MIAMI - A weather system swirling in the eastern Caribbean has raised the remote possibility that this year's Republican National Convention could be more blustery than usual.
The tropical depression east of Guadeloupe is expected to swell into Tropical Storm Isaac later Tuesday, and forecasters say it could become a hurricane on track to hit Florida next week, when Republicans gather in Tampa.
The US National Hurricane Center's five-day forecast shows the storm blowing over the Dominican Republic, Haiti and Cuba but does not extend to Monday, when the four-day convention kicks off.
"It is too early to determine what, if any, impacts might be experienced in the Tampa area next week during the RNC," said Dennis Feltgen of the US National Weather Service.
"The US is not yet in the forecast track cone, and there is a great deal of uncertainty beyond that five-day time frame."
Thousands of party luminaries, top officials and supporters will convene in the Gulf coast city starting Monday to formally nominate Mitt Romney to challenge President Barack Obama in the November 6 election.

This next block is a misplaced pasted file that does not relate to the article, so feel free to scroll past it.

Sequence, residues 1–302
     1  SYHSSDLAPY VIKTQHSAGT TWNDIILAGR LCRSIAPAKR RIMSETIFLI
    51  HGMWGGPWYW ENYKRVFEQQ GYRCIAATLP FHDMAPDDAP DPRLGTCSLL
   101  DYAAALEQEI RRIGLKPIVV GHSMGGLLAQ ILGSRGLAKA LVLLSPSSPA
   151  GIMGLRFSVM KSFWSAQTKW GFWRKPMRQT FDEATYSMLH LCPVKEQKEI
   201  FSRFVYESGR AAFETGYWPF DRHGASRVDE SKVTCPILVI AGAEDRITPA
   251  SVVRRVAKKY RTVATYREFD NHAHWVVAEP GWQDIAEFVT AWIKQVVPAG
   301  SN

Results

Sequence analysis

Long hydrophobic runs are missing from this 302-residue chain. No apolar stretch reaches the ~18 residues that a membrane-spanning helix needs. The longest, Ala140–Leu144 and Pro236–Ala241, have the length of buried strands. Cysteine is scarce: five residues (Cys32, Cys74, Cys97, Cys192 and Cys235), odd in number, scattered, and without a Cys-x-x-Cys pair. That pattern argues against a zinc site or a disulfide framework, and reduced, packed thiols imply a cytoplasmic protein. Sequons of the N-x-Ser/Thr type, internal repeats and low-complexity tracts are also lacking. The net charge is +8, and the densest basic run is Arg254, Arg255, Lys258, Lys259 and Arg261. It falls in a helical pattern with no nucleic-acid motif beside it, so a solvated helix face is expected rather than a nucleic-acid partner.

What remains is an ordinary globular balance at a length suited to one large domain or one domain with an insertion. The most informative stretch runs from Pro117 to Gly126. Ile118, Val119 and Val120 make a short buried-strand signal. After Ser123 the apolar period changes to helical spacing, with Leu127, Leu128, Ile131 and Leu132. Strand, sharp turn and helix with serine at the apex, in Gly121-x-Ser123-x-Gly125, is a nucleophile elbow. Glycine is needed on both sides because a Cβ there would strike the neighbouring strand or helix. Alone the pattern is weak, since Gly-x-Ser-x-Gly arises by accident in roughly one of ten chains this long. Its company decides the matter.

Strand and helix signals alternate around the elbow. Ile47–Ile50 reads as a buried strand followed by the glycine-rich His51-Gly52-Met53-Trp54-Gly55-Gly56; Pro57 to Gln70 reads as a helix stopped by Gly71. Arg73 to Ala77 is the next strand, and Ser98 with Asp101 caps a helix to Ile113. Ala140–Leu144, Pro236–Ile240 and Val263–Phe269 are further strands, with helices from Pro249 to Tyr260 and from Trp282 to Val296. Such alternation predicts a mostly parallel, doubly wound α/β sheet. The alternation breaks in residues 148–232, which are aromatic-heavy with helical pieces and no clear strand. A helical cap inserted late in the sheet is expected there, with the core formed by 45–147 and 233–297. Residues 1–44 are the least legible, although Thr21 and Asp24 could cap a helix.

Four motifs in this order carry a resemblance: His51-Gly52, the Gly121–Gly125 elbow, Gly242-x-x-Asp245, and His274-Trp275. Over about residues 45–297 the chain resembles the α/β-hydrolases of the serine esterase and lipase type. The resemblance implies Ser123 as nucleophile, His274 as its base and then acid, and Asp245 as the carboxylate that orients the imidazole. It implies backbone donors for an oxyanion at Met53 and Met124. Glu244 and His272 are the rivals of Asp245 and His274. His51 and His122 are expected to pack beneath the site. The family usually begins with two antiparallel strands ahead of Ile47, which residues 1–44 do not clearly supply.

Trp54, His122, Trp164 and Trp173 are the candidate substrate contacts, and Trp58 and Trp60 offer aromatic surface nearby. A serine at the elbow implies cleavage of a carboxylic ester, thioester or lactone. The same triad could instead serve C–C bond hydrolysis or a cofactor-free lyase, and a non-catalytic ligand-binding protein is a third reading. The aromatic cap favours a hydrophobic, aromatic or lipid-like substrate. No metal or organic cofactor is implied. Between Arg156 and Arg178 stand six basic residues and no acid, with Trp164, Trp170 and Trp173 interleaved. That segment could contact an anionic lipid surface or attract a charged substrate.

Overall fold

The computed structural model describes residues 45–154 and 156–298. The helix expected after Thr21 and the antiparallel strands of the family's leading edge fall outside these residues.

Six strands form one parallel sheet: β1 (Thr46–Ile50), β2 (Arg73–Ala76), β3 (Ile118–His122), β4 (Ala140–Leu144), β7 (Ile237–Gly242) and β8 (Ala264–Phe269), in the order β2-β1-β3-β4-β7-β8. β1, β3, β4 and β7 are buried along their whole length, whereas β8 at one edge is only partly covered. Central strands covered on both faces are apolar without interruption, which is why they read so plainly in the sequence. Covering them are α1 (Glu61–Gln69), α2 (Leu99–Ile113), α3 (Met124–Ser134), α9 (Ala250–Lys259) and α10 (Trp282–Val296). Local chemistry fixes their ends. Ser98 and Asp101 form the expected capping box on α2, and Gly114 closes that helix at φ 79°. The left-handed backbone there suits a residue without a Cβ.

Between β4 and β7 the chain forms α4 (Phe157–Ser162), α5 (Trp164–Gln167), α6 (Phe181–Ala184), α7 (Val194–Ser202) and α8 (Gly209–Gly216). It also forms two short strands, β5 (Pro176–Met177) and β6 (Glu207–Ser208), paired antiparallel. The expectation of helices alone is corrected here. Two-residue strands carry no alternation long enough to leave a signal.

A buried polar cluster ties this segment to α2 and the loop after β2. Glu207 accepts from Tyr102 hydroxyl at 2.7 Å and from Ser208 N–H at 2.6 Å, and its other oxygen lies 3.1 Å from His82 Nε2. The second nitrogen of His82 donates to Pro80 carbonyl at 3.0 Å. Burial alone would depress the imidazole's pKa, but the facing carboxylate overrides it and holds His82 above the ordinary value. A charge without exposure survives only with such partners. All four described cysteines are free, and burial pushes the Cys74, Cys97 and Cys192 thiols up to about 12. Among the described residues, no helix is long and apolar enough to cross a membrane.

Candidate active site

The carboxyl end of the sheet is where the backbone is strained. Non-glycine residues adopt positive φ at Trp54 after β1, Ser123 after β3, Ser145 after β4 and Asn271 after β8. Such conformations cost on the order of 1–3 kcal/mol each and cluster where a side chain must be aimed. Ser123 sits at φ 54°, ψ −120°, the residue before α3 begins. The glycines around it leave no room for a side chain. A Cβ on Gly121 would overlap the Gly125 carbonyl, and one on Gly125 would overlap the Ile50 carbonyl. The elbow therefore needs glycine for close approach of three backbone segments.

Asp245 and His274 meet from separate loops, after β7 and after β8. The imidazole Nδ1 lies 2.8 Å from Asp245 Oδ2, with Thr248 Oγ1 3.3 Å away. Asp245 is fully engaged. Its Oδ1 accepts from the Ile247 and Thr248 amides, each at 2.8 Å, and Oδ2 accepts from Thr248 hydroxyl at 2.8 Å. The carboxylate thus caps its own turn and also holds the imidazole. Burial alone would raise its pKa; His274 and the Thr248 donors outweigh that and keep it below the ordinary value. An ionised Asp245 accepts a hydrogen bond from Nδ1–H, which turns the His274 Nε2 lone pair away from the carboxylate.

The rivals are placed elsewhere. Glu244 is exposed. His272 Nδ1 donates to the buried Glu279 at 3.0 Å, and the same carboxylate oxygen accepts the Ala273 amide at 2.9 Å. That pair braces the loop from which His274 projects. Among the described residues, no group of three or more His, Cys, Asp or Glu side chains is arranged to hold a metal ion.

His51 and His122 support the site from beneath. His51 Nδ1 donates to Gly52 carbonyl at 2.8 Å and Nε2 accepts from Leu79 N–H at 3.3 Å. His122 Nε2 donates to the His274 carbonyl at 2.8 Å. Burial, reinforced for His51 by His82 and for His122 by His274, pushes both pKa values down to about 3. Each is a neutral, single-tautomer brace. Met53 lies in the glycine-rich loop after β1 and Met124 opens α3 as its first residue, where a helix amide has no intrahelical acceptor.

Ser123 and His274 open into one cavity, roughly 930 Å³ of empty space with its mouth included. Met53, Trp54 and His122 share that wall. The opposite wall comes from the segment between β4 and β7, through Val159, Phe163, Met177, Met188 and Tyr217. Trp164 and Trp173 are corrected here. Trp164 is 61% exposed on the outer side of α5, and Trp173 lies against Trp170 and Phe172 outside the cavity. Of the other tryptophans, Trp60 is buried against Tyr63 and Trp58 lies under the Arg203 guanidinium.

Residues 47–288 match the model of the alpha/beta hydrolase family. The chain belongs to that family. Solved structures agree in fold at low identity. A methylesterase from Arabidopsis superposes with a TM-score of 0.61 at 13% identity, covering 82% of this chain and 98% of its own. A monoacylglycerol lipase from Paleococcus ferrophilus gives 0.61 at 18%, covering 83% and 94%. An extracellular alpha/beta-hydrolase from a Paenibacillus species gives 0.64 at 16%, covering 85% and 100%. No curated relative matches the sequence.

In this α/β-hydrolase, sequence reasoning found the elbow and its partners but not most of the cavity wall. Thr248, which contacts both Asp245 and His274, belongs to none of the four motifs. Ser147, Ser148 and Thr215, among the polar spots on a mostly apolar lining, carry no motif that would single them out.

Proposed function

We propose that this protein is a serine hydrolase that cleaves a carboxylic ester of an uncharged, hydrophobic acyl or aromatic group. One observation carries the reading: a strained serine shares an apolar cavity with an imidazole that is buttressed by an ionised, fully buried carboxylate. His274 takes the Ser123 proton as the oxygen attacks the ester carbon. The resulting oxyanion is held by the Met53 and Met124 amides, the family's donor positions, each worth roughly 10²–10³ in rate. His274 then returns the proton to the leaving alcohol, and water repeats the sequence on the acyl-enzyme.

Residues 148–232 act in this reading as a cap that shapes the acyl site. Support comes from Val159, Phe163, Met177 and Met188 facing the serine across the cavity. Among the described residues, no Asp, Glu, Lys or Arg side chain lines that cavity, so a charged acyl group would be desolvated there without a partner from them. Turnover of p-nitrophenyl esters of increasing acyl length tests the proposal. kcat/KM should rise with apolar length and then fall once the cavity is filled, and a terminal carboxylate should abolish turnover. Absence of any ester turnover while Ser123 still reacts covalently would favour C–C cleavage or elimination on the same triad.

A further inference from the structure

The convention is largely a formality -- Romney has been the presumptive nominee for months -- but will feature prime-time speeches by the party's leading lights aimed at rallying supporters to deny Obama a second term.
Obama's Democratic Party will hold its own convention September 4-6.
Meteorologist Jeffrey Masters, writing on wunderground.com last week, pointed out that there have been two mass evacuations of Tampa in the past 25 years during the peak three-month hurricane season of August to October.
He puts the chances of such an evacuation during next week's convention at "somewhere in the one to three percent range."
"It would take a 'perfect storm' sort of conditions to all fall in place to bring (the tropical depression) to the doorstep of Tampa as a hurricane during the convention, but that is one of the possibilities the models have been suggesting could happen," he told AFP by email.
The convention center would have to be evacuated in the event of a category one hurricane, and in the worst-case scenario of a category four hurricane, it would be submerged under 20 feet of water, according to Masters.